Wachholtz literally had the car keys in his hand, preparing to transfer to Colorado State, when that avenue closed too.

“I had the U-Haul trailer loaded up in front of my house and was ready to go when the phone rang,” he said. “It was Colorado State, calling to say two women volleyball players had just been denied admission who had cases the same as mine, and they didn’t want to get into a gender problem over it.”

And so he stayed, stood stoically in street clothes on game days, and watched Otton play when Johnson was injured last year.

There is a coolness between the quarterbacks. They are rarely seen together off the practice field. Yet the ice was broken between them last season during USC’s 61-0 rout of Cal, when Otton went 15 for 20.

“The first time the team drove for a score, the first guy off the sideline to shake my hand and congratulate me was Kyle,” Otton said. “That . . . was classy.”

Otton has had tougher challenges, he says, than trying to stave off Kyle Wachholtz. For two years, he tried to convert Italian Catholics to the Mormon religion.

“I spent my Mormon mission in Italy, and that was tougher than this,” he said. “In Italy, it seemed to get steadily harder, to get worse every day.”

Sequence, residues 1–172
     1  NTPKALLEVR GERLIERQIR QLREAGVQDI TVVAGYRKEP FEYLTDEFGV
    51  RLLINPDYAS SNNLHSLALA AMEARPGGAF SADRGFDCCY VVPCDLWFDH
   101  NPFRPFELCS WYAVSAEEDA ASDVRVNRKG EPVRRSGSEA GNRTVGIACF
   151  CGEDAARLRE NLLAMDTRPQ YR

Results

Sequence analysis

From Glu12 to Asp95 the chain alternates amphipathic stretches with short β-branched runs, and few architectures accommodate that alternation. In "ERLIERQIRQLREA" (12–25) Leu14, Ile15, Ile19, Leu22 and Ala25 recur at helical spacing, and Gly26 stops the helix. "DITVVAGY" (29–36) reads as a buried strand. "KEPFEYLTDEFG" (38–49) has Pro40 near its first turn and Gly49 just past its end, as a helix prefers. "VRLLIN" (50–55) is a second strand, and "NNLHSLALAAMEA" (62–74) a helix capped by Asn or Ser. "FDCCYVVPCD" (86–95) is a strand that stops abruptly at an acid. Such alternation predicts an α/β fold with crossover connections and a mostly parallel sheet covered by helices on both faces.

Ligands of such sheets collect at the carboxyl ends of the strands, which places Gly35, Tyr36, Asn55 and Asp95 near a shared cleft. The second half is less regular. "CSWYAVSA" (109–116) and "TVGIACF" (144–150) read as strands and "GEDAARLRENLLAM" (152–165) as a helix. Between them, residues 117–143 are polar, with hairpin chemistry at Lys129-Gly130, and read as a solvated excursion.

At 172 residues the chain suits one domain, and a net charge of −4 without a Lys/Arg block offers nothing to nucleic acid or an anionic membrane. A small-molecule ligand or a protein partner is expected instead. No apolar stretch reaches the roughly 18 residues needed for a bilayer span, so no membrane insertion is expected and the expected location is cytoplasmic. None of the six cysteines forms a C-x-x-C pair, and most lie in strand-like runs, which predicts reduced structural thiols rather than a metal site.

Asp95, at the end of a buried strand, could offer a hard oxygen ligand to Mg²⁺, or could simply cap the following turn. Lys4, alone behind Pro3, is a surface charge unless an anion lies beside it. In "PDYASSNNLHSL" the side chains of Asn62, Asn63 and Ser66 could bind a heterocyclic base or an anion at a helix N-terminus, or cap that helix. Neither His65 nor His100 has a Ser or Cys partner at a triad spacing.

He said he made one conversion, a 17-year-old Sardinian girl, whom he personally baptized.

Otton last year looked miscast. There has never been a taller USC quarterback and at 6-6 and 215 pounds, he looked as if he belonged on a basketball court. And when he heard Robinson call Wachholtz the strongest quarterback he had ever had, including his NFL days, Otton decided to visit the weight room.

“The strength coach told me he wanted to bring my weight up to 225 pounds, and when I got to 223 he made it 230,” Otton said. “I started camp at 225 and I feel much more confident in the pocket, like I can shake off a tackler.”

Otton is touchy about the strength issue, particularly as it pertains to arm strength. In a recent interview, he bristled when asked if he concedes that Wachholtz has the stronger arm, as many believe.

He paused, then said, evenly: “No, I do not concede that. I’m very happy with my arm.”

Otton transferred to USC at mid-year in 1993, leaving Weber State in Utah. He had played high school football for his father, Sid, at Tumwater, Wash.